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Scientific articles

Punk Is Not Dead: On the Integrity of Social Science Research Collections with a Reexamination of Qualitative Data within the Social Context of the Western Balkans

The aim of this paper is to examine the ethical integrity of research when sensitive data, information, documents and other artefacts become stored within collections held by libraries and archives. Further, we are going to explore some possible paths for the protection of personal data, which may affect public opinion or public security in the context of contemporary open access policies and approaches. Social science data archives aim to be repositories of research data intended to be used by “new generations of researchers” to reinterpret “old” data with possible new insights, enhancing the exchange of knowledge and sharing of data collected through research in the social sciences. A noble and profoundly idealistic goal, without any doubt. However, the important question is, how should we treat sensitive qualitative data, e.g., transcripts of testimonies, interviews, and focus groups or personal diaries of war survivors, members of various social groups and movements, that are deposited in special collections? These are data which have the power to harm the very same individuals who agreed to be participants in the research process, as well as the entire communities from which they stem, and in so doing lower the public trust in research policies and efforts. Within this short discussion, we explore the hidden dangers which librarians and archivists have to overcome in order to both make sure that high ethical principles continue to be strived for while at the same time never compromising the everlasting quest for the truth.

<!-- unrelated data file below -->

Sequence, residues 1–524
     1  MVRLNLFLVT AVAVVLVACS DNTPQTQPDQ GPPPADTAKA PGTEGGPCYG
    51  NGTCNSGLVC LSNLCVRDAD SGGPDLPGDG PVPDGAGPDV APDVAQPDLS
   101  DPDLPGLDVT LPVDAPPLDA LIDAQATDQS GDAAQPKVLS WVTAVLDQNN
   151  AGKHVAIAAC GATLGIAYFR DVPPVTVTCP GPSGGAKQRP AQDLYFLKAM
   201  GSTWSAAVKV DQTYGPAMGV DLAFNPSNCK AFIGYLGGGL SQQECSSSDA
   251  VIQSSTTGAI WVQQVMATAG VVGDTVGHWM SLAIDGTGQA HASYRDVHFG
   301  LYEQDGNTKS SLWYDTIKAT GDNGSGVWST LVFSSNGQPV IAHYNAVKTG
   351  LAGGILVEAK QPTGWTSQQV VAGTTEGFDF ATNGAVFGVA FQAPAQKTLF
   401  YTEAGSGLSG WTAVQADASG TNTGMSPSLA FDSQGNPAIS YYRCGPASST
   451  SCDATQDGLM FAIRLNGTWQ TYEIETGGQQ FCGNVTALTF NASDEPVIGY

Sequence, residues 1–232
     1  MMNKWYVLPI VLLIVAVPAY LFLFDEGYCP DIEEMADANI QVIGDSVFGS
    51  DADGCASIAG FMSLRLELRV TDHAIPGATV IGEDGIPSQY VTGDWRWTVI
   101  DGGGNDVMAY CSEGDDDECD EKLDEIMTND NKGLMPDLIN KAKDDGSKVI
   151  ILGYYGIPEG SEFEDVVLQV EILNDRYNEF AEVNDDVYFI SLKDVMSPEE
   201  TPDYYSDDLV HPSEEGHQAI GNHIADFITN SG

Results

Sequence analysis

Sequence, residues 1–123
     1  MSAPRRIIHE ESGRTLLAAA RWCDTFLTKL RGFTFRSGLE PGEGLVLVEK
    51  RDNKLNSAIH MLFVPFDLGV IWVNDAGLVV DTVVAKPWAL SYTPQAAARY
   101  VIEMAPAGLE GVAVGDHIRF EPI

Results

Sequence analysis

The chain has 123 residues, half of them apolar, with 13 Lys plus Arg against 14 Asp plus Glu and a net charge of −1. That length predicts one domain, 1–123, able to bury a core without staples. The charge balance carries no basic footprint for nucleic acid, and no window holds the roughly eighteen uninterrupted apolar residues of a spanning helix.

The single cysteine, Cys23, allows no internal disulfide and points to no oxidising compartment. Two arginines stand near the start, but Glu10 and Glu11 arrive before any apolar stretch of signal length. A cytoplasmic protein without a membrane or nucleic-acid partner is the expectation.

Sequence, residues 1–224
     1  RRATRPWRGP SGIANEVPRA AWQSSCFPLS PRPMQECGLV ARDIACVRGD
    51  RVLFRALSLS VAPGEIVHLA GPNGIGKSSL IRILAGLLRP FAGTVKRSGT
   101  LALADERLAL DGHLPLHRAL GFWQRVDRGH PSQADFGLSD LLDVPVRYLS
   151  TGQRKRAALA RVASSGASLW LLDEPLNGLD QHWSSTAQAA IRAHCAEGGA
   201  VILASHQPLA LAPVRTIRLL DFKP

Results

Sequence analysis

Article inside journal

Issue No. 282 - Open Science in Slovenia and Worldwide
Časopis za kritiko znanosti
2021 , volume volume 49 , issue issue 282
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